How Do CDs Work?

CDs are safe investments that usually earn a higher interest rate than savings accounts. However, they typically require a longer commitment and you don’t have access to your cash during the term of the CD. 

They are good mid-term investments. Use them if you don’t expect to need your cash for at least a year, but may need it within five years. 

Table of Contents
  1. How Do CDs Work?
  2. Different Types of CDs
    1. Term CDs
    2. No Penalty CD
    3. Jumbo CD
    4. Bump-Up CD
    5. Brokered CD
    6. IRA CD
  3. Frequently Asked Questions about CDs
    1. Do CDs Pay Interest Monthly?
    2. Are CDs Taxable?
    3. Can You Add Money to a CD?
    4. Do CDs Automatically Renew?
    5. Can You Lose Money in a CD?
  4. Are CDs a Good Investment?
    1. When to Avoid CDs
    2. Who Should Open a CD?
  5. How to Open a CD Account
    1. Build a CD Ladder
  6. Alternatives to Bank CDs
    1. High Yield Savings Account
    2. Money Market Account
    3. Cash Management Account
    4. Small Business Bonds
    5. Dividend Stocks
  7. Summary

How Do CDs Work?

Bank CDs are similar to savings accounts as they are FDIC-insured up to $250,000 and you can earn interest monthly. But CDs have stricter withdrawal policies and can require a higher initial deposit.

Here are three factors to consider when opening a bank CD:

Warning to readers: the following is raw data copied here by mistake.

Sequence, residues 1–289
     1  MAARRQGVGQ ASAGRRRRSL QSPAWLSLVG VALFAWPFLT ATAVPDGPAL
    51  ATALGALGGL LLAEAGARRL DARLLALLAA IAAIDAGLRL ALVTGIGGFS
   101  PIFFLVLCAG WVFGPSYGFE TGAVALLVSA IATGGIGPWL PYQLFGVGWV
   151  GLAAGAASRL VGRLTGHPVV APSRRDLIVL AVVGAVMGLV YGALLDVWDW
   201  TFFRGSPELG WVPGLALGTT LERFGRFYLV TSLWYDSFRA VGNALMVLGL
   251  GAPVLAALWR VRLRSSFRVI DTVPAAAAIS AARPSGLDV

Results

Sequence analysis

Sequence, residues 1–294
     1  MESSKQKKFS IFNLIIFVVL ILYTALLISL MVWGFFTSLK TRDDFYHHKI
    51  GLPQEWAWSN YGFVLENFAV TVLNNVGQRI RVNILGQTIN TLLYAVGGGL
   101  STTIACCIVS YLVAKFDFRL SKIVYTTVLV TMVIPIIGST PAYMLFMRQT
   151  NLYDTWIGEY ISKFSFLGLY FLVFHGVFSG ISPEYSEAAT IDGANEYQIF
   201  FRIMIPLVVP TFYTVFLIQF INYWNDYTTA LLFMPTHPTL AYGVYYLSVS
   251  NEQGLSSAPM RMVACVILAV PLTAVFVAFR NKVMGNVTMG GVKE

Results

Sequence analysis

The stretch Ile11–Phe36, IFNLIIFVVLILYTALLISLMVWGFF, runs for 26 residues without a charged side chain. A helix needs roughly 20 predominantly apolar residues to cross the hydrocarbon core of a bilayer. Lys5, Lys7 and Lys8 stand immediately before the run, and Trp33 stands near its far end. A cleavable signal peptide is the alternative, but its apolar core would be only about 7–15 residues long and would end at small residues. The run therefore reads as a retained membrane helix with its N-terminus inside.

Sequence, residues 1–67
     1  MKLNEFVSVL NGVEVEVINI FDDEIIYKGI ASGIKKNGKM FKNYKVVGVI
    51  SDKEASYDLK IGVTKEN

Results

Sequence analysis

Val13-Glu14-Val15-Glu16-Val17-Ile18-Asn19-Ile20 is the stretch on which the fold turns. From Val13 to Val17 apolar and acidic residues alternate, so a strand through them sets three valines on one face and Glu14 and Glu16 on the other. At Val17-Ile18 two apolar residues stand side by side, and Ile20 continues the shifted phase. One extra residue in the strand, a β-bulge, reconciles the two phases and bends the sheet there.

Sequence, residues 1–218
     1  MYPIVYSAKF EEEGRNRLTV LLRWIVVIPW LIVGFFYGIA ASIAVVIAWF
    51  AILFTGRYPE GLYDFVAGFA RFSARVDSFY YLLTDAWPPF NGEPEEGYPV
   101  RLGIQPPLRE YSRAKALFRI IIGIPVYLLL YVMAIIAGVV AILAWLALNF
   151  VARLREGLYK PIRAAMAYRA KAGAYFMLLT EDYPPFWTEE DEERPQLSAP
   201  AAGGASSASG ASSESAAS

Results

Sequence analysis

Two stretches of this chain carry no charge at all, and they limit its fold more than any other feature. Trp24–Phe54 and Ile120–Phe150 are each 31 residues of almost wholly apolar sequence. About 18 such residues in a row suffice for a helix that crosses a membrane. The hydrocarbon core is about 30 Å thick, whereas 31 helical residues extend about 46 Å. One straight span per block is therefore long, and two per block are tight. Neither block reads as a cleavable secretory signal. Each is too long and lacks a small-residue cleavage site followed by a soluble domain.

• CD term: The number of months before you can withdraw your funds penalty-free
  • Interest rate: The annual percentage yield (APY) you will earn for the entire CD term
  • Minimum deposit: Most banks require an opening deposit between $0 and $1,000

Like your savings account deposits, banks lend your CD deposit to borrowers and collect interest payments. CDs offer higher interest rates than most savings accounts because you commit to investing your cash for a specific number of months. If you redeem your cash before the CD term matures, you will most likely pay an early redemption penalty.

For example, a 12-month term CD requires you to invest your cash for one year. Withdrawing your cash before the CD matures can result in an early redemption fee. In this instance, the penalty is three months of interest income.

When the CD matures, you can withdraw your initial deposit and interest earnings. You also have the option of renewing your CD for a new term. Keep in mind that your new CD’s interest rate can be higher or lower than the original CD term.

Some banks offer a penalty-free CD allowing you to make hassle-free early redemptions. However, your interest rate is likely to be lower than a traditional CD.

Tip: CIT Bank offers term CDs and penalty-free CDs with some of the best interest rates.

Different Types of CDs

Many banks offer a few different types of CDs. These CDs each have a specific investment term yet have different initial deposits, redemption penalties, and interest rates.

Term CDs

Most traditional CDs are “term CDs” where you commit to invest your cash for a specific number of months and pay an early redemption penalty. Most CD terms are between three months and sixty months (five years).

CDs with a longer-terms can offer higher yields as a reward for your patience. But, it’s always a good idea to compare the yields of short-term and long-term CDs to find the best option.